From MIT News:
Before computers, no sane person would have set out to count gender pronouns in 4,000 novels, but the results can be revealing, as MIT’s new digital humanities program recently discovered.
Launched with a $1.3 million grant from the Andrew W. Mellon Foundation, the Program in Digital Humanities brings computation together with humanities research, with the goal of building a community “fluent in both languages,” says Michael Scott Cuthbert, associate professor of music, Music21 inventor, and director of digital humanities at MIT.
To illustrate the kind of work the lab can do, the program enlisted a team of 24 students (mostly first-years) through the MIT Undergraduate Research Opportunities Program (UROP) to study gender representation in 19th century English literature. The team assembled metadata, applied grammar-parsing tools, did web scraping, wrote analysis tools, and ultimately examined 4,217 books — a total of 326.9 million words.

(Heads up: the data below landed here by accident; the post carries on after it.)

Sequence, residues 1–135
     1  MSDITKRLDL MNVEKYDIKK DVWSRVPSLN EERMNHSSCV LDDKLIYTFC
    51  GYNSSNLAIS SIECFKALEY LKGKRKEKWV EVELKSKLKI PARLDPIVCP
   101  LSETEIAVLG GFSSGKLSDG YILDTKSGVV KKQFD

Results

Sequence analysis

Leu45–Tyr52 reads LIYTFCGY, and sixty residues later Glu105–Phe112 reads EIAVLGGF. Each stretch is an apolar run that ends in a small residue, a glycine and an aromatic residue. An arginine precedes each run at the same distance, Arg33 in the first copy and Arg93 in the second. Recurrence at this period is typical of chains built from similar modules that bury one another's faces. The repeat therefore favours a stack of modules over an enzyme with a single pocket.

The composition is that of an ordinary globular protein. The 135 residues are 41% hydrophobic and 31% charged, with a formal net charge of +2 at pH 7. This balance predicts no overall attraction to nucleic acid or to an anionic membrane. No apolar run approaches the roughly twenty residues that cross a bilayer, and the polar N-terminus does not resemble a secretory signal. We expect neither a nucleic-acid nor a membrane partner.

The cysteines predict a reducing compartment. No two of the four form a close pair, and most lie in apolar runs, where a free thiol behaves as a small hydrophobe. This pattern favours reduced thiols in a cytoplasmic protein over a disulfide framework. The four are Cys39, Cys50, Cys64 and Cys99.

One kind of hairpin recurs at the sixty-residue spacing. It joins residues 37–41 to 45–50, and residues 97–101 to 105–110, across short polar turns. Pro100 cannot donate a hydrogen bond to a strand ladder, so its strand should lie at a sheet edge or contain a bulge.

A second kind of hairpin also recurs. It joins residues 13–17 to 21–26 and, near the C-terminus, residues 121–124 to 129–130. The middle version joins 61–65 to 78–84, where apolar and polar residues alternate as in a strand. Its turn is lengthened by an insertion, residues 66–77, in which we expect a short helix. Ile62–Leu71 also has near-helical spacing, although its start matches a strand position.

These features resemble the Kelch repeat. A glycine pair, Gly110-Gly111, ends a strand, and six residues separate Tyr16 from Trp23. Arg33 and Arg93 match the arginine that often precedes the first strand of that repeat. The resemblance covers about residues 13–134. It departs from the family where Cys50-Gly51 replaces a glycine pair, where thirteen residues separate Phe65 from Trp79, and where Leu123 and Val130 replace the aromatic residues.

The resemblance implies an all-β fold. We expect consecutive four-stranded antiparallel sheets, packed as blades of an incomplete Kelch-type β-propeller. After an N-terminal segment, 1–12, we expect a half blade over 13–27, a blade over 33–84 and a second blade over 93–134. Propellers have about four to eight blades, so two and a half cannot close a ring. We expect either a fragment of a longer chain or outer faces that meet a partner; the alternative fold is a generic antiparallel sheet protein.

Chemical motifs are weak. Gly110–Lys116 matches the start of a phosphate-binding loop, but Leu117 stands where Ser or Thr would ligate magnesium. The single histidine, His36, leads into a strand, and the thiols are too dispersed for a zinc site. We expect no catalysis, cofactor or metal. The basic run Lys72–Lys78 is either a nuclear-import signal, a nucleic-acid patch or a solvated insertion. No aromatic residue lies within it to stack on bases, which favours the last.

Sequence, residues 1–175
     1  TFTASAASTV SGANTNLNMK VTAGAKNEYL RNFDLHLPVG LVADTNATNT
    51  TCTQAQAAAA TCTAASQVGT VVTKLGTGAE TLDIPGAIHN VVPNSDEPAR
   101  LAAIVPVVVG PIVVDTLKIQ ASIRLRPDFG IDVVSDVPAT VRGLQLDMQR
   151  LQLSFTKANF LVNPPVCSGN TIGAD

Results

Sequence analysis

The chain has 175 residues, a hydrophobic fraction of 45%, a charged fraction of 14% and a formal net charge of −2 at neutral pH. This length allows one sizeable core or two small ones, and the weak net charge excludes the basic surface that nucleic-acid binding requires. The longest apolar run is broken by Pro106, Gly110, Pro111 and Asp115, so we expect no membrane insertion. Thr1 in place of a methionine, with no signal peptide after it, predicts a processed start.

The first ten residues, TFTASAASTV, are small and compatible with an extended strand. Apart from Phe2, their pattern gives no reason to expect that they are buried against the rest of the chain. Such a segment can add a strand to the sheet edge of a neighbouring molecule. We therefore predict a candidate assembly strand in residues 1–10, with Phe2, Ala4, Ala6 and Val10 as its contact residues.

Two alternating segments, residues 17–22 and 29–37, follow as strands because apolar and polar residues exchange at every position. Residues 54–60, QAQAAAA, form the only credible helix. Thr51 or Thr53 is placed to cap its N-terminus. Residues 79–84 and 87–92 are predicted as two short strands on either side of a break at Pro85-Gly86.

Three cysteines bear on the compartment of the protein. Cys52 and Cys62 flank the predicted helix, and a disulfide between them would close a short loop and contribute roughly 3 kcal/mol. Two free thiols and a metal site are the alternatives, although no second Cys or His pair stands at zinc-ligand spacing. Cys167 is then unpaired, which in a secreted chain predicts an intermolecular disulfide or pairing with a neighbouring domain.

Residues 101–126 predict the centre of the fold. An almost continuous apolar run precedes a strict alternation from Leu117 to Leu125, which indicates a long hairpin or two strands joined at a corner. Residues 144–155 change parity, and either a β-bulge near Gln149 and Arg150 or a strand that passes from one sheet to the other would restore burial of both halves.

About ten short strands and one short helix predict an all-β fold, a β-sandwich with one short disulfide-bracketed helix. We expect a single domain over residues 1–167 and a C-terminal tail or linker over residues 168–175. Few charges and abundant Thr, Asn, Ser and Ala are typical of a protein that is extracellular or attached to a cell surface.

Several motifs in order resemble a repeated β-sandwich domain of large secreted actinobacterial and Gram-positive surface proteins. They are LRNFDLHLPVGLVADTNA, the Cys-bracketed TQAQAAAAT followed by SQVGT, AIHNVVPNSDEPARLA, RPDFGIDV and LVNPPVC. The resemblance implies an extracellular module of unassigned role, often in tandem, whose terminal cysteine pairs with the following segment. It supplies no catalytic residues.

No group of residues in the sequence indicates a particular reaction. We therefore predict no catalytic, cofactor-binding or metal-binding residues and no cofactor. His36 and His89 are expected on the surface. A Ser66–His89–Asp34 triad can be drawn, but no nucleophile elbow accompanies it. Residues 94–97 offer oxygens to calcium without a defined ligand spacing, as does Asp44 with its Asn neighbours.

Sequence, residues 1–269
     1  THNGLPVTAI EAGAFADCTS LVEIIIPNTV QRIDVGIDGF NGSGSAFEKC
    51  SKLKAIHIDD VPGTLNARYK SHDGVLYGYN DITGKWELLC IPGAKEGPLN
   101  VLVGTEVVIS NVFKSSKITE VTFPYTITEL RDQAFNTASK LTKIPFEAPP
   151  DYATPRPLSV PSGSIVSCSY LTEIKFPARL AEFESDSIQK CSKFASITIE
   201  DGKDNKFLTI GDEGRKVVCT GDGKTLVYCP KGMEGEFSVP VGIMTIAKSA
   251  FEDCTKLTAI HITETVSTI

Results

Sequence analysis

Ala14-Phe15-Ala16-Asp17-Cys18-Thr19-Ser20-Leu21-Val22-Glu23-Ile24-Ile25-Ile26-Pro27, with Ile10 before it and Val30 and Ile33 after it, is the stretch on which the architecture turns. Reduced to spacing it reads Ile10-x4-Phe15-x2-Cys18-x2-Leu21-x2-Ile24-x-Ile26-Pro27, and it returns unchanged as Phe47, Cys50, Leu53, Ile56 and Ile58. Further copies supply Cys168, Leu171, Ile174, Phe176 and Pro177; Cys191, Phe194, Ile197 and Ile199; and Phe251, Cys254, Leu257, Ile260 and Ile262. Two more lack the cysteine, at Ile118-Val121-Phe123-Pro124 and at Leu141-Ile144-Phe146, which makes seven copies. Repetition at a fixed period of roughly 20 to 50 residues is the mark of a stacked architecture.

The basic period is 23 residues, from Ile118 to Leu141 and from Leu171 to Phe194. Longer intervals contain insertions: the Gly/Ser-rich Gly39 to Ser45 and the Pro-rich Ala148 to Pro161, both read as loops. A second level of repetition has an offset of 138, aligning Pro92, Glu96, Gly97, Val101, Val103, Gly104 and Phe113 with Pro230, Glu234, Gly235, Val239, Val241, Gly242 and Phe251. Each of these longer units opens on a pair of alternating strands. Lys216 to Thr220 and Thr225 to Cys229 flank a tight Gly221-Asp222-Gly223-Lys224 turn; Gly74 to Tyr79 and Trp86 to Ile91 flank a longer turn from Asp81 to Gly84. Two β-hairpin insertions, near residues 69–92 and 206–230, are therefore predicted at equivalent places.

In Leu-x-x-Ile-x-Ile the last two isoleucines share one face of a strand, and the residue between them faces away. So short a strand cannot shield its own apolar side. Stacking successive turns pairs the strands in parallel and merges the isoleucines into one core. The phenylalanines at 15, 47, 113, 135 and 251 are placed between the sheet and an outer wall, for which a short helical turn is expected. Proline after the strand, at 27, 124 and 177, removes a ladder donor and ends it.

One interesting finding from the “Gender/Novels” experiment was that — regardless of the sex of the author and “no matter how we cut the data,” as Cuthbert says — roughly two-thirds of all male pronouns were in the subject position, whereas women were more often the object of the sentence. What these new data tell us — about men, women, and society — is up to human scholars to decide, but this project provides a window into the ways computational work can support humanities research.
See Also: Digital Humanities at MIT